There are also our schools who make specialist educational provision for children with special needs. ISC schools provide centres for specialist expertise and training for both state and independent teachers and are also able to provide places to local authorities who may not be able to fund an entire specialist school.
Barry Huggett, headmaster of More House School, Frensham, commented: “Independent schools for children with special educational needs play a hugely important role in the country’s educational landscape. The schools provide centres for specialist expertise and skills and are also able to offer places to local authorities, who may not be in a position to fund an entire specialist school for the children in its area.”
Other specialist schools, such as The Royal Ballet School and Tring Park School for the Performing Arts, provide world class music and dance education, producing talent including Darcey Bussell, Jonathan Cope and Nicola Benedetti, that draws international acclaim to this country.
Sam Moore, Chief Operating Officer, Oxford Economics commented: “By generating tax revenue, supporting jobs and stimulating economic activity along its supply chain, the impact of the ISC independent schools sector is shown to extend well beyond its core function of delivering an excellent all round education to pupils. Our research clearly demonstrates the significant contribution that a large and successful sector can make to the economy as a whole.”
Matthew Burgess, General Secretary, Independent Schools Council, commented: “For the first time, the independent schools’ sector has commissioned a rigorous analysis to understand the extent and significance of our impact on the British economy. While our schools have been long recognised for their educational excellence, we can now see how important our schools are in stimulating growth and employment, in contributing our fair share of tax and supporting local economies and communities across the country.”
West Newcastle Academy
“We are proud to be part of a very significant educational innovation that’s having real impact on a seriously deprived part of the city.” Bernard Trafford, Head, RGS, Newcastle
The West Newcastle Academy is a one-form entry primary school set up on the west side of Newcastle, an area of significant need. In helping set up this free school, The Royal Grammar School in Newcastle was asked to offer expertise and experience by a local charity, Kids and Us, that deals particularly in areas of social and educational alienation.
The Head of RGS and his deputy were part of a team meeting regularly to put the bid together, including attending the final interview with the Department for Education that led to the success of the bid. Now the school is up and running with 28 children in one reception class, RGS is continuing to work in partnership in areas where West Newcastle Academy identifies need, ranging from RGS sixth formers helping with reading to the RGS bursar assisting the school’s business manager.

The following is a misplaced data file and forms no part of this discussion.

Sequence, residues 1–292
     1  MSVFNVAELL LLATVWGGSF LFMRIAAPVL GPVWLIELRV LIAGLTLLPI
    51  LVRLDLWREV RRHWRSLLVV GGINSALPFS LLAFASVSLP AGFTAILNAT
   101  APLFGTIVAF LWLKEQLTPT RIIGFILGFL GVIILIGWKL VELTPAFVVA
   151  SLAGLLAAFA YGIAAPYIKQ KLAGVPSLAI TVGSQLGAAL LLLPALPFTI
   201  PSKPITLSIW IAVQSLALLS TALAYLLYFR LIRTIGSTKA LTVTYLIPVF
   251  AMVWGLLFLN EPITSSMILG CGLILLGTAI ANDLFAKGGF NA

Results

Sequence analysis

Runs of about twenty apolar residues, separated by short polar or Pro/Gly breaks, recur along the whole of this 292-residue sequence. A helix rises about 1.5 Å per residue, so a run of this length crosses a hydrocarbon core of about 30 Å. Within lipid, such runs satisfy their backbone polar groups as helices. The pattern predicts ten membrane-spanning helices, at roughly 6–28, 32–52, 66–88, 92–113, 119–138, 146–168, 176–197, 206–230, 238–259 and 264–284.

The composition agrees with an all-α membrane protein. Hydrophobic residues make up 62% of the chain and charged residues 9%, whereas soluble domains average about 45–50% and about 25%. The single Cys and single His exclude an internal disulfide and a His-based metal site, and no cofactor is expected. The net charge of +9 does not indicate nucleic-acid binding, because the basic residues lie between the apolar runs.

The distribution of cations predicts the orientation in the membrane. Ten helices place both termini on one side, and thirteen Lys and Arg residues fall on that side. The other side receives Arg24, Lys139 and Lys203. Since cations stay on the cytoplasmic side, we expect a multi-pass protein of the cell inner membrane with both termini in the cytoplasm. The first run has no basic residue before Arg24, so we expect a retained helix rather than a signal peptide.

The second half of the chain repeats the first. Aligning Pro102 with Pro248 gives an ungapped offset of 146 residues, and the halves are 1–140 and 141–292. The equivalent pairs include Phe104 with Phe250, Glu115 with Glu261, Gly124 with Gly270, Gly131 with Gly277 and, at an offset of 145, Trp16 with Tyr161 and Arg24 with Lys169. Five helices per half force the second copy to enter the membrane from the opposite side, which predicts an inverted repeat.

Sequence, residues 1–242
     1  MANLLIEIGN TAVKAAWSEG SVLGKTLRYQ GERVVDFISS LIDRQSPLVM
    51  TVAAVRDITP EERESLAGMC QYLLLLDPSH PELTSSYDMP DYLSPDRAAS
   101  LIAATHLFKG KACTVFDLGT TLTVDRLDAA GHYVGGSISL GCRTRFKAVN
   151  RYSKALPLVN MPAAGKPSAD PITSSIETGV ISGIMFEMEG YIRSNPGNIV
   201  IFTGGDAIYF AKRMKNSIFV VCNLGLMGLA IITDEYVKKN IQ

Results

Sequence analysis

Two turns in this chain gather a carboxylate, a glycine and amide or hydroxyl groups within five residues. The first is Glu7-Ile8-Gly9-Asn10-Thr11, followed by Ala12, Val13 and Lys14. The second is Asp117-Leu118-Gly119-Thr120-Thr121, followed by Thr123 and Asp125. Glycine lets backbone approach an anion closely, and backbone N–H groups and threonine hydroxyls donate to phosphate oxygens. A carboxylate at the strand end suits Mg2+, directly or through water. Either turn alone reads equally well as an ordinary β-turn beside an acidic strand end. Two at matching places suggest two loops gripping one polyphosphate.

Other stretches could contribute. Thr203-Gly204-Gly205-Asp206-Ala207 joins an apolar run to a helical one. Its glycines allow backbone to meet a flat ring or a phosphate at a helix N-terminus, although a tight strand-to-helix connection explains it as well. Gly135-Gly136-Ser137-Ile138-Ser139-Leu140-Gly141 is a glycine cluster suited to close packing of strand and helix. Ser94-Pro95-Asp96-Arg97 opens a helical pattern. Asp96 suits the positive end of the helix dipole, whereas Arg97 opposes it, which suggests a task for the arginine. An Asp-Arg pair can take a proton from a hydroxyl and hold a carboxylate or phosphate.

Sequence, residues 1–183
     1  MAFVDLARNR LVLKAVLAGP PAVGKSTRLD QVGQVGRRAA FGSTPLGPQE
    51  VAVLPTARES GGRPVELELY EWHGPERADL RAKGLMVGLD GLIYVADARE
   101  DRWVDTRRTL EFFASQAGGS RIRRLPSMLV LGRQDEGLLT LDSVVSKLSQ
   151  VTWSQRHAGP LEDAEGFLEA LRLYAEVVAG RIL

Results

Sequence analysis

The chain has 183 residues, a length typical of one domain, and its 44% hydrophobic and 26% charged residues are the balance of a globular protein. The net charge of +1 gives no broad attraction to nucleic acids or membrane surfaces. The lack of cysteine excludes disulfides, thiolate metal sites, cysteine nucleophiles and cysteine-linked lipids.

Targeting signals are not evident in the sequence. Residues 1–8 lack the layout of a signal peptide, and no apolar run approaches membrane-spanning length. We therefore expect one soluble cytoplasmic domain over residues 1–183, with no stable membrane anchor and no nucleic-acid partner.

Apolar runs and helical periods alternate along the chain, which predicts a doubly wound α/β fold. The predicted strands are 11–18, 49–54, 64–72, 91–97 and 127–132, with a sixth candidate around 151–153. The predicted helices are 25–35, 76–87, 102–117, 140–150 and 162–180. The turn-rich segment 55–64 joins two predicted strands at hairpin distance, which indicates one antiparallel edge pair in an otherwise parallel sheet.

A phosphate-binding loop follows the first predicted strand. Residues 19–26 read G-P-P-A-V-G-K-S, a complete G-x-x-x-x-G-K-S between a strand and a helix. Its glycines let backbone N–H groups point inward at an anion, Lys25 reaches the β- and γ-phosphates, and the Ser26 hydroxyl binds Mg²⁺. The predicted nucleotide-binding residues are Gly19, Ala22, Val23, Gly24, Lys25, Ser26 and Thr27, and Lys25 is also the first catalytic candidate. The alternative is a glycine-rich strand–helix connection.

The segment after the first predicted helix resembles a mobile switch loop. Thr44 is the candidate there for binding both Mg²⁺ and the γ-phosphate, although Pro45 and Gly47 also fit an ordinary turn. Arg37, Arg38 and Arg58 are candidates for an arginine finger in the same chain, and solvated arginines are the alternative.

Supporting the teaching of Physics to all Bolton’s children – the Ogden Teaching Fellow
“The project over four years has brought funding of some £200,000 to Bolton providing Continuing Professional Development to the large majority of science and physics teachers in the local area.” Philip Britton, Headmaster, Bolton School Boys’ Division
In 2010, Bolton School initiated the idea for a full time physics teacher based at the School, who also works in 17 local secondary schools, jointly funded by the School, the Institute of Physics and the Ogden Trust.
The Ogden Teaching Fellow has worked with teachers across 13 of the 17 secondary schools in Bolton in the four years of the project. Pupils from those schools have been involved in various science and physics related events as well across that time.
“Portsmouth Grammar School is our major sponsor and stakeholder. The Festivities couldn’t happen without its support.” Samantha Worsey, Portsmouth Festivities general manager
Portsmouth Grammar is the co-founder and principal sponsor of the town’s Portsmouth Festivities, a ten-day festival in June, celebrating arts, culture and heritage in the great waterfront city. Headmaster James Priory is the Chairman of the Festivities. Now in its 15th year, the Portsmouth Festivities have developed a reputation for providing high quality large and small events with professional artists in the city’s unique venues.
Some events have hundreds of performers and thousands in the audience. Events take place across the city, from Gunwharf Quays, Portsmouth Dockyards to Portsmouth Grammar School itself in the school’s David Russell Theatre and Gatehouse Studios. The School provides major venues for events, housing the Festivities office and offering marketing, design, financial and IT support. Pupils and teachers at the school participate in drama groups, choirs and writing productions, as well as providing front of house staffing.
Bradford Chinese School
Bradford Grammar school has opened its campus to host another school: the Bradford Chinese School. Established in 2011, the school aims to educate children between 5 and 15 who are interested in learning the Chinese language and in developing an understanding and appreciation of Chinese culture. The school now has six classes and one adult class, providing an excellent and systematic education to more than 70 pupils. The school also provides art classes, teaching traditional Chinese brush painting by a professional art teacher.